Throughout Toi Art, the self-conscious examination of what a museum should be has dimmed. Thankfully, and most importantly, there is more space for the collection. There is also a clear resolve to show more female artists, to work with contemporary artists on new projects and to locate New Zealand in a Pacific context – works by Pacific artists make up a third of the current exhibitions.
Halfway through the tour, “biculturalism”, the word on everyone’s lips two decades ago, has not been mentioned.
“Biculturalism is still the foundational relationship for the museum, because of the Treaty,” says Farrar. “But [Toi Art] is cross-cultural – we are now looking at other relationships.”
The multidisciplinary nature of the museum is still present – downstairs, an 1861 painting by English artist William Strutt sits within a historical display about the New Zealand Wars – but that focus seems less important now.
“The opening ethos in 1998 was a strong emphasis on art being incorporated throughout the building, which meant its home was smaller,” says Te Papa’s head of art, Charlotte Davy. “That is what we have been trying to address. We’re saying art needs its own place to stand. It is an important collection, it is the national collection, and the importance of art to society is something we really care about.”
There are no regrets – no stated regrets, anyway – about Te Papa’s initial approach. It was, says Davy, an important opportunity to rethink the place of art. But now the focus is less on breaking rules of curation and more on presenting art in an art context.
She says she won’t be putting a McCahon next to a fridge. “We are trying to get people into a space of critical thinking, not a space of national pride. And people are happy there is a dedicated place that they can go to in Te Papa and have a full experience of art and that it is given the prominence that they and we believe is important for this collection.”
Te Papa has been successful. Twenty years of surveys point to high levels of visitor satisfaction. Gallipoli: The Scale of Our War has attracted 1.8 million visitors since opening in April 2015. Overseas visitors, who make up half of the museum’s numbers, are expected to grow in line with overall tourist arrivals.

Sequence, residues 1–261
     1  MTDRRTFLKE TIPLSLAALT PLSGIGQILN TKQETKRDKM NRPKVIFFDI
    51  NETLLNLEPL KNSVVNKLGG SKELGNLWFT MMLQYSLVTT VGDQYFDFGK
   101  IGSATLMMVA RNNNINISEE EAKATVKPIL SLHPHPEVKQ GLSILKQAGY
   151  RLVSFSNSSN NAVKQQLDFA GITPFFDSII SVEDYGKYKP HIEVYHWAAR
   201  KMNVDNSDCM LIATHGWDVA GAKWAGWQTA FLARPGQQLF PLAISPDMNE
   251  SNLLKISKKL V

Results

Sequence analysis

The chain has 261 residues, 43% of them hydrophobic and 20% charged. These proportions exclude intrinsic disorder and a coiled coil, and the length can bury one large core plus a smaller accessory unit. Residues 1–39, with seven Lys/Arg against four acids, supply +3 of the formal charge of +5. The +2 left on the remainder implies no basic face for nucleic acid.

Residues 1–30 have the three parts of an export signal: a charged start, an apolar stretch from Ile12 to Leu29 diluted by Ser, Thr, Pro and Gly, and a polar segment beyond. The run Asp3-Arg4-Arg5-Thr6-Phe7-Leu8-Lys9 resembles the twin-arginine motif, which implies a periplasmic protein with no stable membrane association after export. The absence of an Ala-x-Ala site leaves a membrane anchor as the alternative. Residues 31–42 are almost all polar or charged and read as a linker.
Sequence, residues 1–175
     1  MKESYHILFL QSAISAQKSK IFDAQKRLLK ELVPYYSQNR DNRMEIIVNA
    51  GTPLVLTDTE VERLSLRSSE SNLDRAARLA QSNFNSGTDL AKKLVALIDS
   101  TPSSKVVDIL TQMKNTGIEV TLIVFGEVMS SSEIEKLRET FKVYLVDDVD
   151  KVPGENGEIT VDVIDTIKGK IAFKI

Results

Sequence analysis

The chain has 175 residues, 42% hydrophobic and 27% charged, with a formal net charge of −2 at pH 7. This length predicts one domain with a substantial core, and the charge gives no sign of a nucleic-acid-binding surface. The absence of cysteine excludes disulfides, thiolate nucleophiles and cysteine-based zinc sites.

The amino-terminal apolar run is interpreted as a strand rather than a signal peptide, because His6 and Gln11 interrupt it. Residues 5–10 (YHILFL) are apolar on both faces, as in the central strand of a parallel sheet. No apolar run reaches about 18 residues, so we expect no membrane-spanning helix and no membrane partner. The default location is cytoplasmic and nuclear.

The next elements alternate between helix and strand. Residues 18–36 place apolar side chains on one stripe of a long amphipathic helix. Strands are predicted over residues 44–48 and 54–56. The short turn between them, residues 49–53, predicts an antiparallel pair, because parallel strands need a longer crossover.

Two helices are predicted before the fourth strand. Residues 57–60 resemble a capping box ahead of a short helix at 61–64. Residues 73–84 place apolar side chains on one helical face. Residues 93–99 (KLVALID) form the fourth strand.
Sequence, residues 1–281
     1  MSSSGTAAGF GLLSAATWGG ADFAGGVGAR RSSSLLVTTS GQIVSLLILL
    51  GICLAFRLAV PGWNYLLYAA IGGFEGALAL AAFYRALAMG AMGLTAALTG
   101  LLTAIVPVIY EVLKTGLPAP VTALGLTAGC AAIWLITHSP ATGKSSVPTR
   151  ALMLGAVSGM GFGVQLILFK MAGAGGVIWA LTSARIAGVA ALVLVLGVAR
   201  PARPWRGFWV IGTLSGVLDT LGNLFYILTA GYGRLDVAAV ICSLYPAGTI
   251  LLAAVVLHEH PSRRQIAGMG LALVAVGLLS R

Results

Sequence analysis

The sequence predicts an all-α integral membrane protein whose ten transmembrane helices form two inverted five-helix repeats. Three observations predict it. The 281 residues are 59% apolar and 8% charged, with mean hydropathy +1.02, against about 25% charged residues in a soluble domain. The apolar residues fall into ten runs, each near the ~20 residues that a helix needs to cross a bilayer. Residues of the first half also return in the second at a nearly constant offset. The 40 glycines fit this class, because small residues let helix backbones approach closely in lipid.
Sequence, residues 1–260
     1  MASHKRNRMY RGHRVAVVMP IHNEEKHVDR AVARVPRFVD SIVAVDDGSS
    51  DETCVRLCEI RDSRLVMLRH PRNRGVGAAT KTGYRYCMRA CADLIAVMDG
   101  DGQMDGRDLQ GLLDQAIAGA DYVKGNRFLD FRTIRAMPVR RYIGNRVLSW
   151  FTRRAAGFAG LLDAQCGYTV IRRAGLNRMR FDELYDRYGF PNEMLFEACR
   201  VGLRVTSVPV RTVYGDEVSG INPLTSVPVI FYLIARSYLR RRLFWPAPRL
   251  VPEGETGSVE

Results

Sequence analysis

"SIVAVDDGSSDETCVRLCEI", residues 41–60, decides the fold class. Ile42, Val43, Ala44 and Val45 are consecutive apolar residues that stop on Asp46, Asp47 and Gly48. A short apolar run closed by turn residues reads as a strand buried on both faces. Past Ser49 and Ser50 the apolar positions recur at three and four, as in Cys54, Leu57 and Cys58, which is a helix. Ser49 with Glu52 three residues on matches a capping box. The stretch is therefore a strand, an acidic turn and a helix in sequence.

But art is a harder sell. A survey of 2000 New Zealanders shows a fifth of Te Papa’s visitors have no interest in visiting an art gallery. Nearly a third of that group say they “wouldn’t understand the art”; another 28% believe art galleries are boring.
“We are never going to change that,” says Te Papa head of audience insights Clint Elsom. “It is more about people who are open to the idea [of seeing art] and saying how can we encourage them? We forecast the number of people going through the new art gallery will be 25% greater than before.”
Toi Art will quieten calls for a new standalone national art gallery, at least for now. Previous proposals – for a $23 million refit of the neighbouring Odlin’s Building, a new $100 million stand-alone national art gallery and a Te Papa north in South Auckland – would all have been smaller than Toi Art’s 3980sq m dedicated space. And why, asks Davy, would you throw away a ready audience and start again?
“With a stand-alone building, you have to work so hard to attract an audience,” she says, “whereas we have 1.7 million people walking in the door every year.”
But Te Papa won’t be standing still.
“The idea we’ll be sitting here in 10 years’ time doing the same thing – I hope there will be people calling us out about that. We have to be at the cutting edge of thinking, and as artists present new ideas, we need to be there with them, presenting those ideas. But I think this will satisfy a lot of people.”
Toi Art opens March 17. Te Papa: Reinventing New Zealand's National Museum 1998-2018, by Conal McCarthy (Te Papa Press, $45)
This article was first published in the March 17, 2018 issue of the New Zealand Listener.